Wetlands Photo Walk, May 8

Yesterday I crumbled a lone cornbread muffin next to the ditch that divides my yard from a wetland preserve. If I had kept it as a leftover, it would have achieved the density of a hockey puck overnight, so I offered it to the various critters who cross through my yard. This evening a visitor came back inquiring if more leftovers were forthcoming:


I wish I’d had my camera handy while he was standing on our patio. As the sun was setting, I considered that the raccoon’s visit could be a good omen for a sunset photo walk, so I went to the wetlands briefly to see what I’d find.

I did encounter someone wild who would have been safer at home, if only he had one:


He is feral, and I could come no closer during our first encounter. His new cauliflower ear tells me he is not the only tom cat patrolling the wetlands. He is cobby with sleek fur that rivals an Abyssinian cat. If only he had born into an indoor kingdom . . .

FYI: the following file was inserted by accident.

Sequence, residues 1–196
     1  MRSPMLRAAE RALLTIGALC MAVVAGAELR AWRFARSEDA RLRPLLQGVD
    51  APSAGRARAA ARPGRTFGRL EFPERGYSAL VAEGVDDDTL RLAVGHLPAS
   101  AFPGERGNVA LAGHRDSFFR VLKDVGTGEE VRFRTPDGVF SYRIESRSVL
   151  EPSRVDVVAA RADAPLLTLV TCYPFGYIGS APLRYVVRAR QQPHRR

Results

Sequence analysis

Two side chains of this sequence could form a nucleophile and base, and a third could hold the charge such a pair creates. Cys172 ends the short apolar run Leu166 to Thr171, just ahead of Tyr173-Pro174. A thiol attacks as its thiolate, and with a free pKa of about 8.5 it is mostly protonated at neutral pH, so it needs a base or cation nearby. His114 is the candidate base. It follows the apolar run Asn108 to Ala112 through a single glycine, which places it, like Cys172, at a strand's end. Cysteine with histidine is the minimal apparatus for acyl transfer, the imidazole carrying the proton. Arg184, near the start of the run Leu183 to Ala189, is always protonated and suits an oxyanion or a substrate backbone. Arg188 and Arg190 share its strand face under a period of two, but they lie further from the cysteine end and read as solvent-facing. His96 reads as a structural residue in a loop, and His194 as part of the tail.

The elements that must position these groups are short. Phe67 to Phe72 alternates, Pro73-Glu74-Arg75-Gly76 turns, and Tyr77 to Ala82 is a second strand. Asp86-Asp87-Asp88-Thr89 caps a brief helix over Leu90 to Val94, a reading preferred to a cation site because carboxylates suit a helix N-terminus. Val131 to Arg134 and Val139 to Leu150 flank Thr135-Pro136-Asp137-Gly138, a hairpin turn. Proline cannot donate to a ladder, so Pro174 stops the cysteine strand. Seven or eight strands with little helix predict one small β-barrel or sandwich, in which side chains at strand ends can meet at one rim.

The wetlands are still waking up to spring. We’ve had three inches of rain in the past week. I wore my oldest pair of tennis shoes to cross through the silt and ditches en route to the preserve.



I tried to return to the wetlands today, but a insect pollen party blocked my path. I didn’t want to invade their gathering any further, so I lingered on the scene for a few moments and went back home.

Sunset: Autumn Wetland

Beyond my backyard is a wetland preserve. While an El Niño summer rages into fall in the rest of my town, the wetlands show that growth is disintegrating on schedule. I have let my camera lie fallow for months, and I now I am surrendering to the urgency to document this season. Every fall I hope to capture the subtle changes until it all reaches a peak with frost-covered red leaves.

Capturing the wetlands in fall challenges me to value the small details of the natural world. If I overlook the glory of a lone grass flower or a long-brown thistle, what I hope do I have with a blazing sugar maple in October? The easy subjects yield better when you’ve taken time to illuminate the things that most regard with indifference: the ugly, the boring, the ignored. With a camera, you can discover that excitement and indifference say more about the viewer than the scene depicted. A rusted wheel can be as beautiful as the Grand Canyon. A withered patch of wetlands matters no less than an orchid in bloom.



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